Seeing It All Again For The First Time


My engine thrummed while birds circled overhead, teasing the Columbia River air with their wingtips.  Expert manipulators of space they moved with unconscious subtle gestures, altering their trajectory in anticipation of the next wind shift.  Like a road racer making minute course changes with a lowering of the head to the inside of a corner, these birds were masters of instinctual flight.  I assumed they were eagles.

Winds accelerate through the Columbia River Gorge’s canyons and cliffs, creating a playground of water and wind.

They were crows.  Stupid, ugly, dirty crows.  Disappointing.

My mind went back to my mundane ride, another season, another tour, another morning, another mile after dreary mile, another story to write, rewrite and rewrite again until I am so sick of rewriting and editing that I click “send” just to rid myself of it and feed the publishing beast.

When did it happen?  How did I become so jaded, so callous?  Endless repetition of the spectacular had bred familiarity, a loss of wonder, and the wages of that repetition was complacency.

When did we stop gazing at the mountains? Mt. Rainier as a breathtaking backdrop.

I breathed my deepest inhale, paused, then made my mind anew.  What my riding partner Dave “White Girl” and I were doing, it was truly wonderful.

Between our legs, gear driven cams spun with Swiss watch precision pushing us though country Lewis and Clark struggled to explore a mere two centuries ago, a blink in the eyes of time.  Exhaust played sound games through the upcoming tunnel and as it piped, we danced.  A Penelope’s web of roads unfolded across the country and we explored them, lords of our treasures.

This looks like fun… Lolo Pass, Idaho/Montana border.

White Girl and I, we repeated it all over again. Day after wonderful day we let slip the dogs of war assaulting the northwest with our cacophony of sound and speed, our daily dose of the extraordinary doled out on a land so wondrous that it became dangerously close to ordinary.

Not quite ordinary country. Hwy. 207 from Mitchell to Service Creek, Oregon.

Miles rolled on as our bikes danced our Rigadoon, so then and there I listed the things I resolved to not take for granted: my precious friends, a cool morning, a quick bike, a roll through a canyon and a shot of whiskey at day’s end.  Softening my jaded soul meant seeking joy in every moment because at life’s end, I will realize that the little things were the big things.  Whom the gods love die young, so God help me if I waste today.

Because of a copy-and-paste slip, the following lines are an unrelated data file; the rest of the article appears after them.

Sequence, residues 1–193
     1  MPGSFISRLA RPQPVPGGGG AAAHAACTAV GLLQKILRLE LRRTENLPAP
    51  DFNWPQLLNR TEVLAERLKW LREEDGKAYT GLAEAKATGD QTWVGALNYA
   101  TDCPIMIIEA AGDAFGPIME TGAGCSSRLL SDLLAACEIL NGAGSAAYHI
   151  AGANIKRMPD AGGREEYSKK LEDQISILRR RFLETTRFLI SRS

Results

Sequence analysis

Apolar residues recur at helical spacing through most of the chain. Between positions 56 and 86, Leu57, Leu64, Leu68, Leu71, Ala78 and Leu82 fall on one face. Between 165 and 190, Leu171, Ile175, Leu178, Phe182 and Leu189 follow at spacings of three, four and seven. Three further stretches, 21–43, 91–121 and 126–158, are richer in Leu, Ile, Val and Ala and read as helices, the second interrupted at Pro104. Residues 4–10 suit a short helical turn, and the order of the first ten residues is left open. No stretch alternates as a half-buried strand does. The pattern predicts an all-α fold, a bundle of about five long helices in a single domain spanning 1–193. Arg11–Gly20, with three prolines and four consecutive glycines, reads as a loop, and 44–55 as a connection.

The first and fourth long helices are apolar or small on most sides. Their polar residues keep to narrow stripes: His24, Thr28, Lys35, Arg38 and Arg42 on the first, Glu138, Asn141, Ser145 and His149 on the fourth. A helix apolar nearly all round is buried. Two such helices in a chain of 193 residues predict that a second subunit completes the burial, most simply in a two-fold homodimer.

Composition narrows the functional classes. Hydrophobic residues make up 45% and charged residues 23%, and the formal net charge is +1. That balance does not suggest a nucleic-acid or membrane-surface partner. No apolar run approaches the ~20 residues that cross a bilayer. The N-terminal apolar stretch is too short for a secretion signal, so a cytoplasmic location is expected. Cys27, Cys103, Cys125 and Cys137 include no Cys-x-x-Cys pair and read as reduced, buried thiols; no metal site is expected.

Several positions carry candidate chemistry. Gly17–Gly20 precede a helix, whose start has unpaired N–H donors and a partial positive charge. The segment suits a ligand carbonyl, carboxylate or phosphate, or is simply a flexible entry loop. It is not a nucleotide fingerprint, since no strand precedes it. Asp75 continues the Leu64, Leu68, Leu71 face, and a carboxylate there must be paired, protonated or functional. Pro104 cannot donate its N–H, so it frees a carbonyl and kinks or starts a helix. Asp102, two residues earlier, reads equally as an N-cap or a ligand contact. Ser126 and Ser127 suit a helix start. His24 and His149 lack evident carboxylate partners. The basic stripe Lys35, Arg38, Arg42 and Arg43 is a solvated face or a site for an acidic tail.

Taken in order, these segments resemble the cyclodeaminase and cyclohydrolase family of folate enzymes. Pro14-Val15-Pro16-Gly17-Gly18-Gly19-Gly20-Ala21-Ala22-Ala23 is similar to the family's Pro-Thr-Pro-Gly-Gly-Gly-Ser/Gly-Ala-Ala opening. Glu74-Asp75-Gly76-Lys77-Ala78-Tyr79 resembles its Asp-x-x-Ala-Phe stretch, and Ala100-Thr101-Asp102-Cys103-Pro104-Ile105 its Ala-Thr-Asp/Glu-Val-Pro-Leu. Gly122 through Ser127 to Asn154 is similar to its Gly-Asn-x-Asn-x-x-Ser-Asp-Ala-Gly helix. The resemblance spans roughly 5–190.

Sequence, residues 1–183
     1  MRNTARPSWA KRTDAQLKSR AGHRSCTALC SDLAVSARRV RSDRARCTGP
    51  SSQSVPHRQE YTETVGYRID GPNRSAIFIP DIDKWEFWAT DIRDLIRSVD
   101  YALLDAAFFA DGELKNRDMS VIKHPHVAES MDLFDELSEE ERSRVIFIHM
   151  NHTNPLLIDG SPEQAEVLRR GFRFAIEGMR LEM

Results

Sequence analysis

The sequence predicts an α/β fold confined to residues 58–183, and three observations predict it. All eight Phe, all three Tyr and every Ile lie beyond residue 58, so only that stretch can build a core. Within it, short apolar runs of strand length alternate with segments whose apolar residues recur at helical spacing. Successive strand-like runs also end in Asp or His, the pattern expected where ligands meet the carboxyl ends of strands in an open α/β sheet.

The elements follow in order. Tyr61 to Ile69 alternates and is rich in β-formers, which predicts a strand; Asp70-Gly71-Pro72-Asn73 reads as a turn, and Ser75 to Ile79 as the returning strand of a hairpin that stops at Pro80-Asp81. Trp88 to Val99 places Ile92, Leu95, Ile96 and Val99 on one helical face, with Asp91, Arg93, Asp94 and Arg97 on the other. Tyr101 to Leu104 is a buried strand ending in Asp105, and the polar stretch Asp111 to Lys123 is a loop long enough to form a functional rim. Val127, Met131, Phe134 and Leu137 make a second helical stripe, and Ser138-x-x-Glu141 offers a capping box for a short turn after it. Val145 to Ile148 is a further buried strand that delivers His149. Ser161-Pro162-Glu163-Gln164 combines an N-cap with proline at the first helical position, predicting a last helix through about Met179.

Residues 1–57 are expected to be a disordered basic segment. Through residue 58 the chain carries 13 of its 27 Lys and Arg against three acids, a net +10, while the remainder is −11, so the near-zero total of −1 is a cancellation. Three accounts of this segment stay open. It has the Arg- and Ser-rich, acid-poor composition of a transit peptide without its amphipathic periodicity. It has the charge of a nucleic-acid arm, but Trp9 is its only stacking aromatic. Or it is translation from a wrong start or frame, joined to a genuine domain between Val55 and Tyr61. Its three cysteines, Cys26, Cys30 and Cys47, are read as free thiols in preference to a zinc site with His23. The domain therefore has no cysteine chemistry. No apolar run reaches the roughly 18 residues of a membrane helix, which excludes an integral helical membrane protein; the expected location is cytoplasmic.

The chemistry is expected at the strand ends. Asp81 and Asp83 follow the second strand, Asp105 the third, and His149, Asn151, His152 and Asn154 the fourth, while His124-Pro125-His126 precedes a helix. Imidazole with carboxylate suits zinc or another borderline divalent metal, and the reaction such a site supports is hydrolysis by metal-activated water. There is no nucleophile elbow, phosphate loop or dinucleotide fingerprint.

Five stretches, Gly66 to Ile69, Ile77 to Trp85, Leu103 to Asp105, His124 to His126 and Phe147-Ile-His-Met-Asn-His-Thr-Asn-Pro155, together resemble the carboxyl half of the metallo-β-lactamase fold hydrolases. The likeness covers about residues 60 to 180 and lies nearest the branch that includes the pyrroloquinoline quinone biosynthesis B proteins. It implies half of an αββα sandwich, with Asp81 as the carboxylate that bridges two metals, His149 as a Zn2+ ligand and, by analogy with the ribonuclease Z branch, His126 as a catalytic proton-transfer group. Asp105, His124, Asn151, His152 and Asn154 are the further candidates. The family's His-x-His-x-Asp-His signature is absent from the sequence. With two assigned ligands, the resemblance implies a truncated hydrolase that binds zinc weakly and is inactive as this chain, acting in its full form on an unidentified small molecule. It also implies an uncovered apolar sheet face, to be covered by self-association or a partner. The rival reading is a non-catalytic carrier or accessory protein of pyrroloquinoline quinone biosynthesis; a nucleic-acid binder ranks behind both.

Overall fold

Shouldn’t every ride hold this much wonder? Mt. Constitution overlook, Orcas Island, Washington.

Precious and few are days on the road with such company in a land like this so, in sight of the crows, I determined that no matter how many seasons pass, how many tours I complete, how many miles roll on, I will number them as gifts I do not deserve.

Searching the sky that day I never saw an eagle, but the crows were just as glorious.



  1. Marco

    Thanks for another well-written and truly thought-provoking article. I wonder if there’s danger in making one’s avocation one’s vocation?

    Now, with many more days behind me than ahead of me, the gratitude for these days, especially on the bike, grows stronger.

  2. ted Edwards

    There is a danger in turning a hobby into a job, but Rob Brooks, our owner/chief-editor/cook/bottle washer gives me the freedom to be me. I think that helps stave off complacency. I still love the sport dearly, and there’s still so much to do.

  3. Terry E. hammond

    Wistful, melancholic, raptous joy, master of metaphor……I get it…thanks for letting us see deep into your heart and mind….your writing elevates all my horizons even as my “ride life” adventures are moving towards conclusion. I count it a rare privilege to have shared miles and smiles with you and your Dad…….vrooooom!

    • Ted Edwards

      Thank you Terry. To many more miles…


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